Porto’s party spirit and proud culinary traditions come to life during its midsummer festival. Amelia Duggan reports on the city’s biggest bash
I’m leaning against the sun-warmed balustrade of Porto’s mighty Sé cathedral, looking down over a jumble of terracotta roofs to the Douro river. The sun seems reluctant to set: maybe it knows it’s going to miss out on all the fun. Tonight is the Festa de Sao Joao, a wild, night-long midsummer celebration of love, music and food.
Wending my way through the charismatic alleyways of the UNESCO-protected Old Town, I discover a city transformed. Streets and squares that had been sleepy a few hours ago are now entertaining crowds with drummers, makeshift bars and barbeques. Bunting is strung between Juliet balconies, and the smells are incredible: smoke, billowing from grills stoked by the summer breeze threads its tendrils through the crowd; rich, salty, fire-cooked fish can be tasted in the air; and there’s the heady sweetness of spilled port wine. I buy a grilled sardine served on a hunk of bread for a few euros, along with a cup of Portuguese vinho verde wine, settle back against a wall of Porto’s ubiquitous, hand-painted azulejo tiles, and dig in.
But having a mouthful of fish doesn’t excuse you from the party. While eating, I receive my first thwack on the head. It was only a matter of time: everyone from children to grandmothers are wielding squeaky plastic hammers — martelos — although I can see some purists in the throng brandishing traditional floppy garlic stems. One of the festival’s centuries-old traditions is to bash whoever you fancy on the head, although these days it’s less about courtship and more about platonic, squeal-inducing fun. I decide to buy a hammer and quickly get into the spirit of hitting passing strangers.
We’re all milling towards the waterfront now, spilling down spectacular medieval lanes that finally open out onto the Cais da Ribeira promenade. Here, framed by austerely grand townhouses, dense crowds dance to pop hits (Portugal’s 2017 Eurovision winner is periodically played by the DJ, to everyone’s delight).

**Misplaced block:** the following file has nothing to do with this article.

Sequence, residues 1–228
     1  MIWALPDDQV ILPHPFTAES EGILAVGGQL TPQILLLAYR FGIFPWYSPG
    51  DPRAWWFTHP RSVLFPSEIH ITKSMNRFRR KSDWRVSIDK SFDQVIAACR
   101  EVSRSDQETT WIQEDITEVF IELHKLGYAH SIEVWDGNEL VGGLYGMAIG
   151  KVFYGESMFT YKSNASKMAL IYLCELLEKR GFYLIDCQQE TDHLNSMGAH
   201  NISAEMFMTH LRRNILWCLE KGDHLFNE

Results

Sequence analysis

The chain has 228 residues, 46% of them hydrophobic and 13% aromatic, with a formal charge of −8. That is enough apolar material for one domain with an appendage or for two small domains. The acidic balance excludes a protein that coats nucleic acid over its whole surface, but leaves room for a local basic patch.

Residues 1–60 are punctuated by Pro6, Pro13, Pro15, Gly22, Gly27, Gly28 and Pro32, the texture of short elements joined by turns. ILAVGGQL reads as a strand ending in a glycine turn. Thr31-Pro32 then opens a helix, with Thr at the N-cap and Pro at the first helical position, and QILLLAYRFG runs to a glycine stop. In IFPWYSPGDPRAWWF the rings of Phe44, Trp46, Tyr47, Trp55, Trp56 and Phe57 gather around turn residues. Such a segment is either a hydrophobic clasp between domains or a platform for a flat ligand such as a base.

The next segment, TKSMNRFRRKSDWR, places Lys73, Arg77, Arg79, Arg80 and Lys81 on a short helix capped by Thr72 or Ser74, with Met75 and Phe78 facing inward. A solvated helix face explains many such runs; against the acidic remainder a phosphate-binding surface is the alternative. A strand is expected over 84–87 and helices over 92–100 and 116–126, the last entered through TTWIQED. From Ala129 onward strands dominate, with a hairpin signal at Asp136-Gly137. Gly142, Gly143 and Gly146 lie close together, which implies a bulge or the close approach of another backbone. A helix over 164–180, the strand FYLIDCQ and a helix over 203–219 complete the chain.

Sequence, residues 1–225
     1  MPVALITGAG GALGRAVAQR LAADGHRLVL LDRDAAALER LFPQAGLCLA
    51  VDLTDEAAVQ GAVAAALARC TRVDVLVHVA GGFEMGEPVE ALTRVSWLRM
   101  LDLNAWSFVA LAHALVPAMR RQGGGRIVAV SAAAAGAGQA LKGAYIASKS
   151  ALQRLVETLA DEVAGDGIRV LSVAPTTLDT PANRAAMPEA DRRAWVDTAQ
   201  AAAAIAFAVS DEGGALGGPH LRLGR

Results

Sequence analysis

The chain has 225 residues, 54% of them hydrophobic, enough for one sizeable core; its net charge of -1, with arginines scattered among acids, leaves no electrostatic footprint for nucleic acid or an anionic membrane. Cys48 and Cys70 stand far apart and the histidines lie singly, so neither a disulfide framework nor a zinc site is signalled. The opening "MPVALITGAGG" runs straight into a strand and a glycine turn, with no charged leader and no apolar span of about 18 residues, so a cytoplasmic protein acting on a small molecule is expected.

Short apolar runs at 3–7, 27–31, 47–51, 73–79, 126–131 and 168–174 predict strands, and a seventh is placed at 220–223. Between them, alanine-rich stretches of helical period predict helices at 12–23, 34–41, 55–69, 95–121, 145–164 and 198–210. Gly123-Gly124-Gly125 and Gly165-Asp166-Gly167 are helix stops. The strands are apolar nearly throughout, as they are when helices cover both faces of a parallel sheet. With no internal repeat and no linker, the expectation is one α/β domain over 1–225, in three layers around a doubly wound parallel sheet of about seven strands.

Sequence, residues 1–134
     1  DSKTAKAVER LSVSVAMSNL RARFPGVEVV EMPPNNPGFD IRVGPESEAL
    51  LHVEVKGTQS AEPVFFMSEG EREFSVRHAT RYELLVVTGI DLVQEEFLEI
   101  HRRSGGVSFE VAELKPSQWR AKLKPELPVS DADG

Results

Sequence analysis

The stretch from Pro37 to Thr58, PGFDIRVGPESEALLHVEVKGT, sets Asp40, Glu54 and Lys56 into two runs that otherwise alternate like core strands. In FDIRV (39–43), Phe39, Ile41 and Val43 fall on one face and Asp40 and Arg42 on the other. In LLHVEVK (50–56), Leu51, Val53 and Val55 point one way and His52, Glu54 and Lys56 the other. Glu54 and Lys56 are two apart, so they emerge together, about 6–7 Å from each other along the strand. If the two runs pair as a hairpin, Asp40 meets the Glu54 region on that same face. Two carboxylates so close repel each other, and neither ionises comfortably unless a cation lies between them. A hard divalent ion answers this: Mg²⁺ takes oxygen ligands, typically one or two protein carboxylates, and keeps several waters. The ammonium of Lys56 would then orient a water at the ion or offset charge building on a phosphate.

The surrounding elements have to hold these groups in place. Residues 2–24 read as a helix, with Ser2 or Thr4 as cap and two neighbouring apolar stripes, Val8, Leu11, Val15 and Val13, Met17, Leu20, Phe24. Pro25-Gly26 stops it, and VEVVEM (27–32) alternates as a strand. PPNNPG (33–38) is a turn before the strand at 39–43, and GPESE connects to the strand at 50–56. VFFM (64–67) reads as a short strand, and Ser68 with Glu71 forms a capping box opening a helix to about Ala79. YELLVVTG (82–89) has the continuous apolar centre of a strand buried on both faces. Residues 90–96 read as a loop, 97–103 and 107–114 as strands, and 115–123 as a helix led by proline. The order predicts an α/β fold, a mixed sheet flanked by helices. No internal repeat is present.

Midnight strikes, and like a spell broken, all the street lights are extinguished — including the lamps lighting the monumental Ponte de Dom Luis I bridge. We wait in darkness. Minutes pass. There’s a restless buzz from the crowd. But then, suddenly, a mighty bang from above: fireworks hurl glitter into the inky sky.
Port to port
Having woken up feeling deceptively spritely, I’ve climbed the 225-step, spiral staircase of the 76m-high Torre dos Clérigos. From up in the eaves of the crooked 18th-century bell tower, the city unfolds in every direction. I see pretty steeples, domes and roof combs. Vintage trams chugging through the streets. People crossing plazas to attend morning church. The hills surrounding the city. The glittering Douro. It’s all, once again, serene and my now burgeoning hangover feels like the only proof the festival wasn’t just a dream.
Using my map, I look east to the Bolhao neighbourhood. I think I can spot the wrought-iron Mercado, known as Porto’s larder, where yesterday morning I’d joined brisk locals bartering for smoked meats, cheese and bacalhau (salted cod). Nearby, I suspect, chic clientele — fresh off the boutique-lined boulevard of Santa Catarina — will be tucking into francesinha sandwiches (a local speciality featuring cured ham, steak and cheese) on the terrace of the art nouveau cafe, Majestic. All this, in the shadow of the show stopping, azulejo-clad twin towers of Santo Ildefonso church.
Circling the torre, I look south towards the river and the historic Ribeira neighbourhood. I spot the lavish, neoclassical Palacio da Bolsa (the former stock exchange). It stands adjacent to São Francisco church — its interior is famously gaudy, dripping with gold brought back from Brazil when the Portuguese empire was at its zenith — built atop a network of catacombs.
I head across the river to the Vila Nova de Gaia district, where grand port lodges line the riverbank, their doorways flanked by guides offering tours of barrel-lined cellars, tastings and dinners on rooftop terraces. Some of these lodges date back to the 17th-century, when British merchants transformed wine into the post-dinner tipple of choice by adding a dash of brandy.
The rickety lodge of Noval has caught my eye, its raven motif cutting a foreboding silhouette against the afternoon sky, but I don’t make it through the door. There’s a commotion by the river. Crowds are gathering at the grassy bank. There’s cheering. Standing on a bench I can see sails: a dozen big, old-fashioned canopy sails in a multitude of colours propelling long wooden boats along the river. It’s a race to the bridge, and from the passionate cheering of the crowd I suspect at least a few people have money riding on the outcome. I’ll later find out this is the Regata de Barcos Rabelos, where each port house captains an old barrel transporter and races for glory. But for now, once more, I’m caught up in the locals’ enthusiasm. “Five euros on the yellow sail!”